Profile: Happy to butcher Bosnia: Radovan Karadzic, doctor, poet, monster

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The big man with the booming voice insisted that his visitors should listen carefully. It was spring 1991, just a couple of months before Belgrade's tanks moved into Slovenia and before the slaughter started in Croatia. Radovan Karadzic - professional psychiatrist, poet, musician and leader of the main Serbian party in Bosnia - was sitting in his first-floor office in the centre of the quiet city of Sarajevo, explaining his view of life. Naturally, Karadzic emphasised, the Serbs did not wish to see a civil war. But he went on: 'If there is a civil war, the Serbs will gain victory.' His visitors came away more convinced by Karadzic's predictions of Serbian victory than by his protestations of pacifist tendencies.

Sure enough, while the West has looked on, wringing its hands and organising round after round of talks that have gone nowhere, Karadzic has become a key player in the war that has devastated Bosnia. Again and again, we have heard about 'first glimmers of hope'. And then, of course, the killing continues. It remains to be seen whether the talks that resume in Geneva tomorrow will be any different.

Throughout all the horrors, Karadzic has been closely associated with the men carrying out the killings and is good value for the label 'war criminal'. This in a country that, unlike other parts of the former Yugoslavia, is not even a traditional home of inter-ethnic antagonism. Depressing though it may be for Bosnia's many liberal Serbs to admit, Karadzic has a kind of democratic legitimacy as their leader. He emerged from Bosnia's political undergrowth in 1990, when the nationally based Serbian Democratic Party (SDS) was created. In the elections at the end of the year, the mainly Muslim party - representing the largest single ethnic group in Bosnia - dominated. But among the more than 30 per cent of Bosnia's population who are Serbs, it was Karadzic who got the votes.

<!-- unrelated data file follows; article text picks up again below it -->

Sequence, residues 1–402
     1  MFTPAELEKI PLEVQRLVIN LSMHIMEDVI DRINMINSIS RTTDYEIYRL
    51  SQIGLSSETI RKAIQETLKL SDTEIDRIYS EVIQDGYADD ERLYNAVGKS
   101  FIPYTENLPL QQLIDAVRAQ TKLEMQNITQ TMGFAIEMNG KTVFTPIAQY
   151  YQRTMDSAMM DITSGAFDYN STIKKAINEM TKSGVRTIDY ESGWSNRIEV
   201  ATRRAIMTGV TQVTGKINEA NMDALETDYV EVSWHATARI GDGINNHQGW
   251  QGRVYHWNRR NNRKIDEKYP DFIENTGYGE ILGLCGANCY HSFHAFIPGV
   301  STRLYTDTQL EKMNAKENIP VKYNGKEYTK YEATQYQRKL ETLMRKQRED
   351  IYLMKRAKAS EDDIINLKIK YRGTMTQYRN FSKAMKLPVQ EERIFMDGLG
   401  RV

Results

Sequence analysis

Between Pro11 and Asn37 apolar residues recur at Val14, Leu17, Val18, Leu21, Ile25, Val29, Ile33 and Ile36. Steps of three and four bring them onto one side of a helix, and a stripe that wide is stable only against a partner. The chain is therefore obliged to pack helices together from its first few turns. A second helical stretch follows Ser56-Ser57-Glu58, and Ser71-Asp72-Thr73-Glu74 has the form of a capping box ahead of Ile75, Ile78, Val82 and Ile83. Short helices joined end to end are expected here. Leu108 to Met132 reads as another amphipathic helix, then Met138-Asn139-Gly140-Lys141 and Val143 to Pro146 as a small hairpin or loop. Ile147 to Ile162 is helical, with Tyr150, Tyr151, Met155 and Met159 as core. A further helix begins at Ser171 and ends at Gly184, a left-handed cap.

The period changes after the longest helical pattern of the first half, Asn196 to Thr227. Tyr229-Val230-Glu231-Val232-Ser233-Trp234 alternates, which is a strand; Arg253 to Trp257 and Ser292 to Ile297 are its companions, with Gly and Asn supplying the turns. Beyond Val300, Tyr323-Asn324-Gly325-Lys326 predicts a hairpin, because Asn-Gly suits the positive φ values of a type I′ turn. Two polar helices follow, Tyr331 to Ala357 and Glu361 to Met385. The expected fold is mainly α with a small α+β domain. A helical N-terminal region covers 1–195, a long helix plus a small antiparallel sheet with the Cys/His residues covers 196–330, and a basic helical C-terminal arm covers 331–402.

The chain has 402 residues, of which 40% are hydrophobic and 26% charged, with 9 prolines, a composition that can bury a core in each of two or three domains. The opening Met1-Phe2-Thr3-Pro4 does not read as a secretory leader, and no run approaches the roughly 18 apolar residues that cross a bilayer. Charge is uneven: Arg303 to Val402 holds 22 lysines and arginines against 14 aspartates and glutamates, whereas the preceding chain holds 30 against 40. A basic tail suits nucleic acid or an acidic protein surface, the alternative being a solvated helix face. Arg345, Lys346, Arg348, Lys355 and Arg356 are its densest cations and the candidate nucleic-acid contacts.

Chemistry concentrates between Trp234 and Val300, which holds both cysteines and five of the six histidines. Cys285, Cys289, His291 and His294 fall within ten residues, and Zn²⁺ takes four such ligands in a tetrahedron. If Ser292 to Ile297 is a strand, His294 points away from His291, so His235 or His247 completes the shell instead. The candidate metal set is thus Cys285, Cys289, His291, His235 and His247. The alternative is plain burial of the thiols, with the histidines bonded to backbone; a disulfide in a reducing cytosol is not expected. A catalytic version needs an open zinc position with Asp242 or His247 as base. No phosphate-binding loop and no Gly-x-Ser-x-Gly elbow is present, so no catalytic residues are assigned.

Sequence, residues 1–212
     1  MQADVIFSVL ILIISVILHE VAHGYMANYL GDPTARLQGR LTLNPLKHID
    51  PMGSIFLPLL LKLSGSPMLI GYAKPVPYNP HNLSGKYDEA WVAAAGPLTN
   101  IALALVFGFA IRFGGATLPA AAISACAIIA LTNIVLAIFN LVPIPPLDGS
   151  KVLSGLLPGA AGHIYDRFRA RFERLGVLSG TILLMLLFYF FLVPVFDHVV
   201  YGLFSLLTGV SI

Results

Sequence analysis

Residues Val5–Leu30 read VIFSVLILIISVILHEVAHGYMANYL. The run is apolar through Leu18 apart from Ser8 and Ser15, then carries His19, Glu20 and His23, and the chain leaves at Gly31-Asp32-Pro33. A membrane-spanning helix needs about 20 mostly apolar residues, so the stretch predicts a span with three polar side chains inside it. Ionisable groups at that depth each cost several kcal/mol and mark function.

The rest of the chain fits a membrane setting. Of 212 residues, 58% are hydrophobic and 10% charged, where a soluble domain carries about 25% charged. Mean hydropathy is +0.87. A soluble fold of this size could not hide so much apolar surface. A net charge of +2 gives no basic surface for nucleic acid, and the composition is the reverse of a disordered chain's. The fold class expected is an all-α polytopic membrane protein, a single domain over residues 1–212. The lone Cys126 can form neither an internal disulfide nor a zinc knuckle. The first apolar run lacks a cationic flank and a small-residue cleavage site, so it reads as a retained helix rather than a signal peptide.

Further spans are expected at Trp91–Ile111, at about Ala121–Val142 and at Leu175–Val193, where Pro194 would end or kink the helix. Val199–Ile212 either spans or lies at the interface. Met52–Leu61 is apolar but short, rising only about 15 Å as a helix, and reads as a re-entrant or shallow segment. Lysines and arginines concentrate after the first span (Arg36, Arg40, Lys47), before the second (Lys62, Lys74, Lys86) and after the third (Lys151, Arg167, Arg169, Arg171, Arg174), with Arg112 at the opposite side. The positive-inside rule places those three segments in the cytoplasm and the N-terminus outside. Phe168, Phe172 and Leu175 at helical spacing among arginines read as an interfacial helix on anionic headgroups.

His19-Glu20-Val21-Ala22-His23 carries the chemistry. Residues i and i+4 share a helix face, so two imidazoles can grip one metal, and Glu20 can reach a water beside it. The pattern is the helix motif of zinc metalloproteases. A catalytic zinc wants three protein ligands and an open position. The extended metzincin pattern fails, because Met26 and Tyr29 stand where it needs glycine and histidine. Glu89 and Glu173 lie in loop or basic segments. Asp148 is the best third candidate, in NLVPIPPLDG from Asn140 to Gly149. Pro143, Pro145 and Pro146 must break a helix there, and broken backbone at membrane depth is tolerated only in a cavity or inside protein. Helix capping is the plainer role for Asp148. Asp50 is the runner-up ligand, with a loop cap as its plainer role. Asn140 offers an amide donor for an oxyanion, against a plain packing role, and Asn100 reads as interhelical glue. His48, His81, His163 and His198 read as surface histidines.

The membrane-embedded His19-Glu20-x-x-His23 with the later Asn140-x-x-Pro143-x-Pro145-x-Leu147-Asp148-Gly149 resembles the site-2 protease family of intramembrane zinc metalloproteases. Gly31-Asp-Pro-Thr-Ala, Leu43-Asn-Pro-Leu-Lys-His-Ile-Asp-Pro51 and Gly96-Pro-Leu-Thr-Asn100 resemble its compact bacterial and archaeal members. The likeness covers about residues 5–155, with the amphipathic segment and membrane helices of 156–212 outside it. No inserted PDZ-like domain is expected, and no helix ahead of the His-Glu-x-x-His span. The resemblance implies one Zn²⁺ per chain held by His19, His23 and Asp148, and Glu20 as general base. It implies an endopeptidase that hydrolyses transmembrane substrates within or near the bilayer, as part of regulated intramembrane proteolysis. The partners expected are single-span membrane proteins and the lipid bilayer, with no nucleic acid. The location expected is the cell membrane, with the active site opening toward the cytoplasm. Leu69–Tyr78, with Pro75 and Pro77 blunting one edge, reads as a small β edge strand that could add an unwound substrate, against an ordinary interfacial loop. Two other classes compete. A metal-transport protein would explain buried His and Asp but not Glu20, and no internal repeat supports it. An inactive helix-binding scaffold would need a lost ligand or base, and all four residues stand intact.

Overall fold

The genial psychiatrist (specialities: neurosis and depression) soon came to embody the spirit of a new kind of intolerance not seen in Bosnia before. Government leaders, including the new Muslim President, Alija Izetbegovic, were keen to emphasise the importance of working together, but Karadzic, who was always spoiling for an argument, wanted everything - from television and newspapers to the government itself - to be divided up and argued over.

In the time since, and especially since last spring, Bosnia has seen such extraordinary brutality as to make even the horrors of Croatia in 1991 pale by comparison. Through the summer Karadzic's militias occupied large swathes of the country, driving Muslims out of their homes, and introducing Nazi-style regulations or killing those who tried to stay: 'ethnic cleansing'. What this meant in practice is more than a million refugees, and around 200,000 dead.

In person, Karadzic is thoroughly amiable. On a good day, he can even seem sane. And yet the gap between his words and reality is endless. Some politicians may be evasive; Karadzic simply lies. At a time when there were several deaths from Serbian snipers every day, he insisted: 'We (the Serbs) have no snipers.' (The sniper deaths were, according to this version, deliberate acts of provocation by the Bosnians themselves.) He insisted, too, that there were 'no civilians' in the Serb-run detention camps in Bosnia. Of the Serbian bombardment of Sarajevo, he said: 'The Muslims have very heavy artillery. Sometimes the Serbs are forced to respond.' All of these claims were demonstrably untrue. But that seemed to bother Karadzic not one jot.

According to some accounts, Karadzic's creative attitude to reality has also affected his curriculum vitae. He emphasises that he spent time in prison in Communist Yugoslavia, and implies that this was because he was an opponent of the regime. It has, however, also been reported that he was, in reality, jailed in connection with fraud.

He sees himself partly as a poet and, to the anger of many BBC 2 viewers, was a guest on Bookmark recently in that guise, and as a musician, playing on the Serbian lyre. He has indeed had published some books of verse. In politics, however, he has shown no sign of poetic sensitivities.

He has never been at the forefront of military actions: that was left to men like General Ratko Mladic (responsible for bombarding Dubrovnik, before moving to Sarajevo), or Arkan, a cafe owner in Belgrade turned murderous paramilitary and ethnic cleanser. But there can be little doubt of the importance of Karadzic as a front man for the people with the guns. There is strong evidence that he helped his party secretly to distribute arms throughout Bosnia in the run up to the Bosnian war. Karadzic has never seriously sought to distance himself from the thugs of Bosnia, let alone control them. To some extent, the gunmen in the hills can be seen as Karadzic's Frankensteins. He helped to create them; and yet, if he tried to disarm them, they might well turn on Karadzic himself.